Second Mural Planned For West Riverwalk

OSWEGO, NY – The student-created mural along West Riverwalk, under the Rail Trail Bridge, is about to get some company.

The Common Council is considering allowing a group of six more teen-age artists to display their work in that area.

A mural committee was formed at the mayor’s request earlier this year. The intent was to engage youth (graffiti) taggers and non-taggers to beautify the city’s riverwalk areas with artwork and to discourage continued graffiti in the area.

Mike Myers displays one of the proposed ideas for a section of a new mural on the West Riverwalk. Looking on at a recent committee meeting are councilors Sue Sweet and Mike Joyce.
Mike Myers displays one of the proposed ideas for a section of a new mural on the West Riverwalk. Looking on at a recent committee meeting are councilors Sue Sweet and Mike Joyce.

The mural committee has expanded to include Oswego County Opportunities Youth Services along with the previous collaborators including the Oswego Arts Collaborative, the Youth Bureau, various local artists and community youth, according to John Belt, of OCO.

The Community Development Office had $2,000 allocated for city beautification projects.

“Due to a very generous donation by Raby’s Ace Home Center and a parent of one of the student artists, the last mural project cost only $830. Therefore, Community Development has $1,270 remaining in the fund for the project,” Linda Goodness, assistant director of Community Development, told the councilors.

The Springboard Mural Committee has agreed that it can create mural panels for a section of the riverwalk that may be completed with that budget, she pointed out.

The committee will also seek additional donations from local businesses and is preparing a grant application through the Cultural Resources Council for funding future mural projects and engaging more youth.

Six local youth have already prepared some sample artworks and are excited to be part of the project, according to Goodness.

The proposed mural project is intended for the concrete retaining wall along the lower riverwalk in the area below the first mural, Belt explained.

The students have talked with city officials about their artwork, Goodness said, adding, “They have some very creative ideas about what they want to see in their community.”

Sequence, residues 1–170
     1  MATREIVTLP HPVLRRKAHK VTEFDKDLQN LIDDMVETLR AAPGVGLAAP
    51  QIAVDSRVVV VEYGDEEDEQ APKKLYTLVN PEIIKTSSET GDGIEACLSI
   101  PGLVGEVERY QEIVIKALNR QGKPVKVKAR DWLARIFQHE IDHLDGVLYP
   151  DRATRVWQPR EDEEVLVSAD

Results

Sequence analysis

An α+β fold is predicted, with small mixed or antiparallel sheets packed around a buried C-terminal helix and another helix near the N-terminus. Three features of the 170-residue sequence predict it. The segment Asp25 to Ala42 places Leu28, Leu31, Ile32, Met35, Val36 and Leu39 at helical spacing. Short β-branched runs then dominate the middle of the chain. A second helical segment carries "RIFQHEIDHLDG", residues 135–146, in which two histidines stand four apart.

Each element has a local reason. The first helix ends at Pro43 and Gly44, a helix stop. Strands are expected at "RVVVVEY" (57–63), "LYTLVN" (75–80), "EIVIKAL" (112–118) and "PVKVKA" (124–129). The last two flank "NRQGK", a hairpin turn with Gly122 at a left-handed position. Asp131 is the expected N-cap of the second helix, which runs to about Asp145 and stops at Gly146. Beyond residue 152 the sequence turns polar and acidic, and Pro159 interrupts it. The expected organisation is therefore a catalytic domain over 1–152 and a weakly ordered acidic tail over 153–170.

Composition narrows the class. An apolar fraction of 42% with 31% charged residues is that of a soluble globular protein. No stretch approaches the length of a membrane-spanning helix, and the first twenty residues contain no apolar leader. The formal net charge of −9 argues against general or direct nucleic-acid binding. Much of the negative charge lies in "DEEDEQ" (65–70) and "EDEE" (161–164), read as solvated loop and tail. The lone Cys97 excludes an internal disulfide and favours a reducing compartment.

She recently presented some pieces to the councilors so they could see for themselves what the students are considering.

Since the project involves the use of city property, the artwork suggestions need to be council approved.

“It’s a wonderful collaboration between several local artists, OCO Youth Services, Youth Bureau, the city and the college,” Goodness said. “We’ve been very lucky to have such active participation in our group.”

Councilor Mike Joyce said he’d like to see the project have a common theme.

“I think that is key as we go forward,” he said.

The committee wants to bring youth artists into the community and allow them to have a voice in the community, in a positive way, Goodness said.

“I think this is such a great opportunity for our youth, youth artists to give them a voice,” Belt added. “It could change their mindset of how they see themselves to have some of their inside creative stuff represented externally where you can actually see it.”

The student artists see this project as “painting the city’s storefront’ it has to be something that is appropriate, but they can use their voice as well.

“This is a phenomenal springboard for the young artists. And I certainly hope that they are getting the message across; when you see a city step forward and allow this type of activity, I think it is starting to form a good movement,” said Councilor Sue Sweet. “I think that this is something that is really, really tremendous.

Mayor Randy Bateman said he’d seen a couple articles in magazines that indicated if the kids do a project such as this, all the kids will respect it.

“Originally, we had an idea of doing this four-foot concrete wall here, all the way down Linear Park,” he said at the June unveiling of the first mural. “The feedback was let’s do a big mural project first, to draw attention to it. Then, maybe this summer or next year we can work on the concrete wall.”

The wall had been spray painted with graffiti in several places.

“The idea was to get the first project done. It is far enough up in the air so that nobody should be able to mess with it,” Bateman said. “It is a good sign, the kids are proud of it, we’re proud that they did it.”